“Sectarian” Traditions of the Second Temple Period

In a previous post, I commented on the importance of the Old Testament pseudepigrapha for 21st century Christians and Jews. Click here to read the original post.

As I was reading through The Oxford Encyclopedia of the Bible of Theology, Volume I (New York, NY: Oxford University Press, 2015), S. Dean McBride Jr. notes, during his discussion of Exodus, an important shift necessary in biblical studies:

From this new perspective [of multiple redactions of the Hebrew Bible] it has become much more difficult to make a sharp distinction between early “biblical” texts of Exodus and derivative literature such as the pseudepigraphical book of Jubilees and the Qumran Temple Scroll. The latter works, which provide precedents for the interpretative paraphrases of scripture found only a little later in the writings of Philo of Alexandria and Josephus, among others, can no longer be marginalized as merely sectarian or of peripheral significance in the development of classical Jewish though.

In other words, the breadth of Jewish literature during the Second Temple Period should be taken into consideration to properly trace the developments of biblical theology and the redactions of Hebrew Bible texts, or edits that have formed the bible people generally read in the 21st century. And, more importantly, writings should not be dismissed as insignificant due to their “sectarian” nature. No longer should Pseudepigraphal traditions be considered “sectarian”. People who value the Hebrew Bible, whether Jew or Christian, must consider this shift because it adds a new layer of depth and insight to their respective holy books. The question, though, is how this may be accomplished.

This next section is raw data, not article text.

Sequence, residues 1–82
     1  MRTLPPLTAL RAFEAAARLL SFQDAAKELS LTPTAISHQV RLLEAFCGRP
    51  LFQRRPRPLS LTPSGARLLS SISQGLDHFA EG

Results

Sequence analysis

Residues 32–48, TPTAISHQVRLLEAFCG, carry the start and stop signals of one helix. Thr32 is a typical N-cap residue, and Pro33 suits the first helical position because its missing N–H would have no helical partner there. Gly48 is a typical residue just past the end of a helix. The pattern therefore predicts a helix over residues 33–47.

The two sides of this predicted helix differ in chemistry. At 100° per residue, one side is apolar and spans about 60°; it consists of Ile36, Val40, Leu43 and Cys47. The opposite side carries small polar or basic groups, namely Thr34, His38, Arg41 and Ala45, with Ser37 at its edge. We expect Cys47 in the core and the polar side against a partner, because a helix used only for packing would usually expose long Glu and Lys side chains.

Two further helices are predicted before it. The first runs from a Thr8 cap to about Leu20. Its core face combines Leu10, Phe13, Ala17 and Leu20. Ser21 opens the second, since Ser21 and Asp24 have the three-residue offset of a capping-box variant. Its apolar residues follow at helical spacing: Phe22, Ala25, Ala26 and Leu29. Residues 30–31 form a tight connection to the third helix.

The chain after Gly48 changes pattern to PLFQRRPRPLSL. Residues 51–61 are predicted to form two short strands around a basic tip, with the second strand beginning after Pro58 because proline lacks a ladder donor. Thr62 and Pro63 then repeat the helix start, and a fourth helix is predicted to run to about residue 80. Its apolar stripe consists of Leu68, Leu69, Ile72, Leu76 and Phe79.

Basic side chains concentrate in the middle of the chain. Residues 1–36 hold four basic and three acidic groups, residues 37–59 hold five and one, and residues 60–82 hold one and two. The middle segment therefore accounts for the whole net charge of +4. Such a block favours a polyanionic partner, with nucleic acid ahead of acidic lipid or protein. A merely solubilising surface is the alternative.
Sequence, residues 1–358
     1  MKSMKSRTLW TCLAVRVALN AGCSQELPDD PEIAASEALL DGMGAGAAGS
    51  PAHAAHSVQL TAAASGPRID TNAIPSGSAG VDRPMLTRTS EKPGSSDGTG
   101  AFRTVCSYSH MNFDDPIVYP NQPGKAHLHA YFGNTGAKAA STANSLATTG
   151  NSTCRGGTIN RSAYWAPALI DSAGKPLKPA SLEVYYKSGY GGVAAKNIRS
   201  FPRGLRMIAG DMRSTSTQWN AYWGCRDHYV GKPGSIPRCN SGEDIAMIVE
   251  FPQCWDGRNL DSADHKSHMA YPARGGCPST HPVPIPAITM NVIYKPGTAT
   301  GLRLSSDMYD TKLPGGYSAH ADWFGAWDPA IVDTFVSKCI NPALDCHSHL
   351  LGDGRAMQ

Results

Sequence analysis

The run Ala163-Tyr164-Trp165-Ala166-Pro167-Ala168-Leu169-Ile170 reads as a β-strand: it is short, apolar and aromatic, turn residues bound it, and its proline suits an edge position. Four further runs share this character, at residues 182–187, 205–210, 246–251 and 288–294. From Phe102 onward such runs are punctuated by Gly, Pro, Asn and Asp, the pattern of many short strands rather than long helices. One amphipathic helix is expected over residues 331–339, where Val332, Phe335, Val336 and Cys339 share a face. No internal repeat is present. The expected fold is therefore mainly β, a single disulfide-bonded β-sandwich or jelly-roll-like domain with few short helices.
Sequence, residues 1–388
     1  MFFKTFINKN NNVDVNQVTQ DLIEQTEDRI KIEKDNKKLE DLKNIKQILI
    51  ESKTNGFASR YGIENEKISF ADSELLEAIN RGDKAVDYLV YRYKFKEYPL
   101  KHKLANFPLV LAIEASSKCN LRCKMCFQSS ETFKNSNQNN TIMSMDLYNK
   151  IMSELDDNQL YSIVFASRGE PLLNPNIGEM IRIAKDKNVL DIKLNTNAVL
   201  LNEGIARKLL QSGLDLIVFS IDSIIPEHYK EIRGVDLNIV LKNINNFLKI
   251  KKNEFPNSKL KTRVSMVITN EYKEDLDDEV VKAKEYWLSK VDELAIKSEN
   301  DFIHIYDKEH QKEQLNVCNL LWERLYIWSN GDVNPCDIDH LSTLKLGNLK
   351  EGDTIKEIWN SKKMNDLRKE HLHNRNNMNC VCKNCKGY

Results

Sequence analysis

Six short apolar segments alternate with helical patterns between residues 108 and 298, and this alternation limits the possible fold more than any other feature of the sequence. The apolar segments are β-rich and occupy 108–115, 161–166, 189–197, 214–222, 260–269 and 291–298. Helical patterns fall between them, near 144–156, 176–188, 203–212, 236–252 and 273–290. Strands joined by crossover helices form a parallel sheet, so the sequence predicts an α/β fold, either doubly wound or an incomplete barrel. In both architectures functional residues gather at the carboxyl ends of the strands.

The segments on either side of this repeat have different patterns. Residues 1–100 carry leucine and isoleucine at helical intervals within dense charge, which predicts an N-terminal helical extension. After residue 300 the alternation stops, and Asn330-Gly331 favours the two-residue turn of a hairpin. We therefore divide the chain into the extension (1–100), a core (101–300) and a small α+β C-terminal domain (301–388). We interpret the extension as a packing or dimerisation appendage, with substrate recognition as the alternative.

To use the basic argument of Benjamin Sommer in Revelation and Authority (New Haven, CT: Yale University Press, 2015), these layers must also be considered part of Jewish interpretation and traditions, or Christian. So rather than their dismissal, they should be embraced in order to demonstrate how different people in different times adjusted theological thrusts and goals to fit their own socio-political context. After all, the same thing is done for Bible believers in the 21st century.

But this change must first fully shift within the academic world, a shift with which I struggle. Only when the academy shifts its thinking completely will lay persons begin to see that the shift is not the demise of their Truth in the Hebrew Bible but an addition to the depth of Truth within the Hebrew Bible.

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